Here are some more reds (and greens not very visible at the back) that I am dyeing for the next piece(s).
Another watery picture which I like, though not as effective as the the photo of the yellows. I decided I wanted some strident magentas. But something peculiar happened.
SCARLET VERSUS MAGENTA
The brilliant red on the left is the exact same color as its neighbor to the right--pure, unadulterated Washfast Acid Magenta. The left one is dyed at 2% depth of shade. Its neighbor is dyed at 1% depth of shade. The one on the left, dyed at 2% DOS clearly verges on scarlet. In real life, the magenta cast is obvious but it still leans very close to scarlet. But the neighbor to the right, dyed at 1% DOS, is clearly magenta.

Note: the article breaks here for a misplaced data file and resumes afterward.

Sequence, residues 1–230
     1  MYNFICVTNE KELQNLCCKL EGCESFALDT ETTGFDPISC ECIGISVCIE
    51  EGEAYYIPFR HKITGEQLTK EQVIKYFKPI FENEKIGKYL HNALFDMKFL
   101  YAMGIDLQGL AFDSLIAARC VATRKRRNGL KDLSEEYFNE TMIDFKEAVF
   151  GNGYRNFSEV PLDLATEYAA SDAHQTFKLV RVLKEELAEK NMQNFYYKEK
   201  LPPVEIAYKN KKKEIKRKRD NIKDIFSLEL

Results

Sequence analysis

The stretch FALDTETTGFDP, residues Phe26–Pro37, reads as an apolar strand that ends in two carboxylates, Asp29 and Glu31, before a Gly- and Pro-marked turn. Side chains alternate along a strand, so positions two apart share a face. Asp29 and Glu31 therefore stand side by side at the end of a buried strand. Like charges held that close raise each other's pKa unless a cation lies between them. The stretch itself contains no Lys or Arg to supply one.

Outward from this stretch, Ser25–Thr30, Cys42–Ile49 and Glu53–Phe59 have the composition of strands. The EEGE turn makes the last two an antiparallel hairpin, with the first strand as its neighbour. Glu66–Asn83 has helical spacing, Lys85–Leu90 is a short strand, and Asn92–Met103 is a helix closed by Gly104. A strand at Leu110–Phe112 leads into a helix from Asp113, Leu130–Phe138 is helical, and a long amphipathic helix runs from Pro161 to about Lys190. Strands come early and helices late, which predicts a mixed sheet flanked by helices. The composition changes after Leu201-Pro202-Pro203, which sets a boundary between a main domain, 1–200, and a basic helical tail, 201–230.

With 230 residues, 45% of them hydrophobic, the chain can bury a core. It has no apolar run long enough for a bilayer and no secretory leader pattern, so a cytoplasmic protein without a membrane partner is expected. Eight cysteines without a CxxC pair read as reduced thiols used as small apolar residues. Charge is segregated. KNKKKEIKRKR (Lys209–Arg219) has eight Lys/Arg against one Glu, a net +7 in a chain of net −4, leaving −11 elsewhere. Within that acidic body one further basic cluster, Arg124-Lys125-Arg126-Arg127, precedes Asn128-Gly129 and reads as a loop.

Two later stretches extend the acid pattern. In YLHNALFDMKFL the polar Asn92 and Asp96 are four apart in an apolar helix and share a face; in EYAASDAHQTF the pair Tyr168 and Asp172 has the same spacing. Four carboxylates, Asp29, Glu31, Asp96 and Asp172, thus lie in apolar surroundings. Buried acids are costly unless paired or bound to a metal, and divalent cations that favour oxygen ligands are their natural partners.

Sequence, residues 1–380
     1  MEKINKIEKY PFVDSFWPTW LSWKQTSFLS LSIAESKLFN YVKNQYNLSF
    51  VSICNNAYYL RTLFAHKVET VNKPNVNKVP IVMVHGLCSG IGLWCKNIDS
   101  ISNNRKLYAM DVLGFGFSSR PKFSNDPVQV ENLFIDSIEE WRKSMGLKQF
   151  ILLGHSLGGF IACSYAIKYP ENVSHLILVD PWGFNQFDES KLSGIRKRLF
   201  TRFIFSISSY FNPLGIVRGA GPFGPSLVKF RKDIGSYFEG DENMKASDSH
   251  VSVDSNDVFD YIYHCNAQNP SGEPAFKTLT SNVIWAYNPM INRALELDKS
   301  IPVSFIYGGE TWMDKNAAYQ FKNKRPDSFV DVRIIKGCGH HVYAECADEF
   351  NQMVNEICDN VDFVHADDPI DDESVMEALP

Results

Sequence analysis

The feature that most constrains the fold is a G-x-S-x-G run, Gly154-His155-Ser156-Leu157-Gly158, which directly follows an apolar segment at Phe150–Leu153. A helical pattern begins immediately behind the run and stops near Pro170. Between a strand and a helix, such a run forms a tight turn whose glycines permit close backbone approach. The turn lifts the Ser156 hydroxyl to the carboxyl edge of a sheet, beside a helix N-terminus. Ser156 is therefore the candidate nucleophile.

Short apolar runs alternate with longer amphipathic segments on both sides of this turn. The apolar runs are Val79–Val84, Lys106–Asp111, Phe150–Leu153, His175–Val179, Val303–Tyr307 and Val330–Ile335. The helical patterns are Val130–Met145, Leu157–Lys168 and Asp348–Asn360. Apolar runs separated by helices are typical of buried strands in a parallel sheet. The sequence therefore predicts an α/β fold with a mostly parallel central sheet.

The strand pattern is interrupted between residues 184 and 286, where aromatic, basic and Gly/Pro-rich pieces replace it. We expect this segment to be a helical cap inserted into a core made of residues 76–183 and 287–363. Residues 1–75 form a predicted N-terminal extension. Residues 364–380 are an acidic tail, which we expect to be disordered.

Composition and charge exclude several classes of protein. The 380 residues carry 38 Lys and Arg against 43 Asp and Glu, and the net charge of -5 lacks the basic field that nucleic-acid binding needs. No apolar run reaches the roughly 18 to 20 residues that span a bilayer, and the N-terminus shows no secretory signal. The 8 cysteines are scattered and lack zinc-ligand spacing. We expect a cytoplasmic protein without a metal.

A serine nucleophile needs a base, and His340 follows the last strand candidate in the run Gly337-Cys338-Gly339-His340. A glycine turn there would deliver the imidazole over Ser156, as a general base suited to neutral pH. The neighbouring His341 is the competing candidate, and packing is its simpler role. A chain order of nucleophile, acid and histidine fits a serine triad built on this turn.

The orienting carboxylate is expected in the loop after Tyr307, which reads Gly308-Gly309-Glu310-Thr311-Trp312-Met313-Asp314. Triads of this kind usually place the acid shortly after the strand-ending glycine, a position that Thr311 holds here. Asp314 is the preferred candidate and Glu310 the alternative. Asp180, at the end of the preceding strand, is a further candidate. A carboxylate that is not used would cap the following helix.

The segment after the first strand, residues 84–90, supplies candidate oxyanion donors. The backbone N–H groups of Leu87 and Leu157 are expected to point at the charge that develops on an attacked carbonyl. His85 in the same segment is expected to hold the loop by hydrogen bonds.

THE IMPORTANCE OF SAMPLING
The next two red jars (the second one barely visible) are also dyed with Washfast Acid magenta at 2% and 1% depth of shade resepectively. But to them I added a bit of blued green to take the edge off a bit. What is interesting is that the 2% magenta with the blued green added looks much more magentish than the 2% pure magenta!
When I added the bit of blued green to the two jars of magenta, I was flying by the seat of my pants, so to speak. That is, I was using my eye to judge how much to add. I had not, in other words, done any sampling.
THE POWER OF MAGENTA
When I added the bits of blued green, I "knew" intellectually that WF Acid Magenta is a very potent dye; now I now experientially as well! And i know also know that visual judging is not necessarily a particularly good idea.